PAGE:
Tag Archives: H P Lovecraft

What do we do about Lovecraft?

The more I think about the issue, the more concerned I become about the honouring of H.P.Lovecraft in Horror, Fantasy, SF, weird and speculative fiction.

The argument has come to the fore again in my mind because of the furore at Weird Tales, which also roughly coincided with Lovecraft’s birthday. Lovecraft’s racism is not widely discussed even within his fandom, but has come increasingly to the fore, for instance in response to essays like Nnedi Okorafor’s here. But what has really made me consider the seriousness of the issue again is this review of Save The Pearls, the novel at the heart of the Weird Tales nightmare, here in The Guardian (for which I write regularly, by way of disclaimer) which incidentally links to this foul little ditty penned by non-other than Howard Phillips Lovecraft himself. I’m going to repeat this below because I think it is essential it’s read to understand the problem fully, and the click through on links is less than 10% on average.

On the Creation of Niggers (1912)
by H. P. Lovecraft

When, long ago, the gods created Earth
In Jove’s fair image Man was shaped at birth.
The beasts for lesser parts were next designed;
Yet were they too remote from humankind.
To fill the gap, and join the rest to Man,
Th’Olympian host conceiv’d a clever plan.
A beast they wrought, in semi-human figure,
Filled it with vice, and called the thing a Nigger.

Now I don’t intend to rehash the back and forth arguments about Lovecraft. I’m just going to state what at this point I take to be the facts. H.P.Lovecraft held racist opinions which he expressed overtly in rhyme, and which can also be identified in his fiction.

There are perhaps some valid responses to this. As a commentor on The Guardian blog notes, these were such widely held opinions in the early 20th Century that an authoritative source such as the Encyclopaedia Britannica repeated them. Many artists have objectionable opinions which we manage to separate from their work. Lovecraft’s stories are general expressions of deep seated fears, of which racism is one other expression. Often stated arguments, but not ones I entirely accept.

Imagine an average non-fandom type person encountering two facts. One; H P Lovecraft is hailed as a founding figure of weird fiction, thousands of fans still adore his work, hundreds of writers have worked in his Cthulhu mythos, dozens of anthologies are published in his name every year, and the World Fantasy Award goes so far as to give his head away as a trophy, all of which adds up to a remarkable kind of ancestor worship. Two; H P Lovecraft was a racist.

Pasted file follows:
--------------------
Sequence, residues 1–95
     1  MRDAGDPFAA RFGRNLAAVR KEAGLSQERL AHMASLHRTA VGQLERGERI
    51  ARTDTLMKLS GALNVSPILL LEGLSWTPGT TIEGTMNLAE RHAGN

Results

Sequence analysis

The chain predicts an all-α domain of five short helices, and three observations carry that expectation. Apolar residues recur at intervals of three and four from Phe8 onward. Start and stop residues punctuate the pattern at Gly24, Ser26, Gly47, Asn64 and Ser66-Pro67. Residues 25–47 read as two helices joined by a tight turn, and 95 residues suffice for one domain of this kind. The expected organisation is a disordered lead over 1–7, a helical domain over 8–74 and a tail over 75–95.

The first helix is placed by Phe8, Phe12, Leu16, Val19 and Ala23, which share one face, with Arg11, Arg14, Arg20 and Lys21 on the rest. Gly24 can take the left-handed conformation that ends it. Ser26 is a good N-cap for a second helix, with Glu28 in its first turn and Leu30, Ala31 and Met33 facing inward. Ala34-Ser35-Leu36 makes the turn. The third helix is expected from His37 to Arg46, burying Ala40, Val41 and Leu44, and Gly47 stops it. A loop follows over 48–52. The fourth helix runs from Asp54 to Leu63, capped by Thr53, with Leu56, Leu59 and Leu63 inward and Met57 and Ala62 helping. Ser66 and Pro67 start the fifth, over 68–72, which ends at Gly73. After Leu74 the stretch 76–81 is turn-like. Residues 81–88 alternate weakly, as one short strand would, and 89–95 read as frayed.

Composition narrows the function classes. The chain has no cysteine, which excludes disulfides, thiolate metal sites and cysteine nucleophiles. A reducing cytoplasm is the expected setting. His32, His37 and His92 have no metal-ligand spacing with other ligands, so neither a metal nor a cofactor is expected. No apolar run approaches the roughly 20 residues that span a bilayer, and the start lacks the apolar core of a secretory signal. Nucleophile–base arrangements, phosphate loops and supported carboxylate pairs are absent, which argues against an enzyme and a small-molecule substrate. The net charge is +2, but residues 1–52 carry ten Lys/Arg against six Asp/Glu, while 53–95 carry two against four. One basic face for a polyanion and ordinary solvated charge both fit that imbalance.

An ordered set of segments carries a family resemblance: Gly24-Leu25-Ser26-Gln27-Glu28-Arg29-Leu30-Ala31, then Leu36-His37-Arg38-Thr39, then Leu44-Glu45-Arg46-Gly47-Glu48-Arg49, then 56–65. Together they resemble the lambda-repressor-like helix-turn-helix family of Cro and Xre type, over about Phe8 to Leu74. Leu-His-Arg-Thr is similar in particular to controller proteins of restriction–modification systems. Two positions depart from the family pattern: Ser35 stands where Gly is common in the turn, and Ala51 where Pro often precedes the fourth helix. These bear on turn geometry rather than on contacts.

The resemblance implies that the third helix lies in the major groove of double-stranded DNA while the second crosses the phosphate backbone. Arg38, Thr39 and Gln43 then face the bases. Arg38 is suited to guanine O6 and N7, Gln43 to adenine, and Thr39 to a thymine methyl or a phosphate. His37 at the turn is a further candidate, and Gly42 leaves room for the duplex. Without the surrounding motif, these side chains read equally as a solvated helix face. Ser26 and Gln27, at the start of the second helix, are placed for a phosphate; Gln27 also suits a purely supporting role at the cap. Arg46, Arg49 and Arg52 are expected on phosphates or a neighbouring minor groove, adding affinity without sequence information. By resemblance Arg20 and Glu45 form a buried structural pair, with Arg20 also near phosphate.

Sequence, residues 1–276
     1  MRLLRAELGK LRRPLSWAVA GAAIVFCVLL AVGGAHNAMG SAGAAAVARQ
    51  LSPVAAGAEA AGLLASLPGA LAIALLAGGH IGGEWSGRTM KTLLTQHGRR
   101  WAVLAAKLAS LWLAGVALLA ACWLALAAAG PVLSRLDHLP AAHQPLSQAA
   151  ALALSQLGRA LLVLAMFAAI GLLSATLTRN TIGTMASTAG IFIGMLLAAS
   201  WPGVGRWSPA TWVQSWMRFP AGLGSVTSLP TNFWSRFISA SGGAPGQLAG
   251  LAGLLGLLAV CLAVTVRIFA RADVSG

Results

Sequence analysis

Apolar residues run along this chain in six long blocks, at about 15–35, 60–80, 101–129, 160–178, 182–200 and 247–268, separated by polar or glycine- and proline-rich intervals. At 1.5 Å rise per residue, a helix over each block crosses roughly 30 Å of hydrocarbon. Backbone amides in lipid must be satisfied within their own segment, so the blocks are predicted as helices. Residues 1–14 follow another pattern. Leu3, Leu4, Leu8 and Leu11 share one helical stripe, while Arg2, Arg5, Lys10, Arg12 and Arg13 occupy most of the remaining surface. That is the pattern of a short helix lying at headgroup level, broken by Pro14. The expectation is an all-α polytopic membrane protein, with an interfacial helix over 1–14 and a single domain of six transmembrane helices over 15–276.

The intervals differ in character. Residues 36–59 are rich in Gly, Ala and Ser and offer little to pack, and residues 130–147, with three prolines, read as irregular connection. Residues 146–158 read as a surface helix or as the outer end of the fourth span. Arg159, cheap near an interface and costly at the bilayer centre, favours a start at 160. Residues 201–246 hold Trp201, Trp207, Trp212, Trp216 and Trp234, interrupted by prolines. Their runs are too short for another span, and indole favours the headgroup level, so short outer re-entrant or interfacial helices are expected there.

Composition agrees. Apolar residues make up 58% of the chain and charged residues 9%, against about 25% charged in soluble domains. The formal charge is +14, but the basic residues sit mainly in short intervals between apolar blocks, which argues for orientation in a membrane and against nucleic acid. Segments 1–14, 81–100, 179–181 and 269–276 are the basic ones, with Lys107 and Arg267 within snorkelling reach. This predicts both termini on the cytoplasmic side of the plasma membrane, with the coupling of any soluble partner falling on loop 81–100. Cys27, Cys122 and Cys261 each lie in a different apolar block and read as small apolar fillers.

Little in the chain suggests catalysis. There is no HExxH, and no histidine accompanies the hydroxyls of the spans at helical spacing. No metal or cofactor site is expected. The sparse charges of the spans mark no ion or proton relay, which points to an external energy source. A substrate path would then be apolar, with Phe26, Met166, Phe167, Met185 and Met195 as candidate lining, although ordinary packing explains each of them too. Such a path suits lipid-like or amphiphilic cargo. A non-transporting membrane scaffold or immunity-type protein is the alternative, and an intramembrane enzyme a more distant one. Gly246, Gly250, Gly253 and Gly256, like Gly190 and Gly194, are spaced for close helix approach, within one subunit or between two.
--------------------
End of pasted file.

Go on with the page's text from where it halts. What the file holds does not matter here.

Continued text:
I don’t think it would be unreasonable of that average non-fandom type person to assume those fans are a bunch of racists as well.

Maybe not cross-burning white hooded lynch mob racists. And probably not even overtly ‘we don’t like your kind around here’ racists. But maybe, yes, the kind of racists who insistently claim they aren’t racist, and fully believe their own claims. Maybe the kind of racists that Avenue Q makes fun of in the lyric ‘everyone’s a little bit racist sometimes‘. The humour in Avenue Q’s joke is that everyone is a bit racist, but its the people who lack the self-awareness to identify and prevent their own racism who are the problem.

The problem for the community of people who ancestor worship Lovecraft, and indeed other equally problematic writers and artists of all kinds, is to approach these figures with self-awareness. We need, I believe, to include the discussion of Lovecrafts racism whenever we talk about his life and writing. It needs to be present in those anthologies. It needs to be reflected on and, where necessary, reacted against by writers taking up the Cthulhu mythos. And as for giving his head away as a trophy? Yes, not doing that might be one quite effective way of making it clear that we aren’t a bunch of racists.

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Weird Tales editor has insulted us all

The genres of SF, Fantasy, Horror and other styles of the fantastic have changed a lot in recent years. Those changes, to my mind, have been hugely positive. And if I can identify one cause at the heart of those changes it is this: diversity.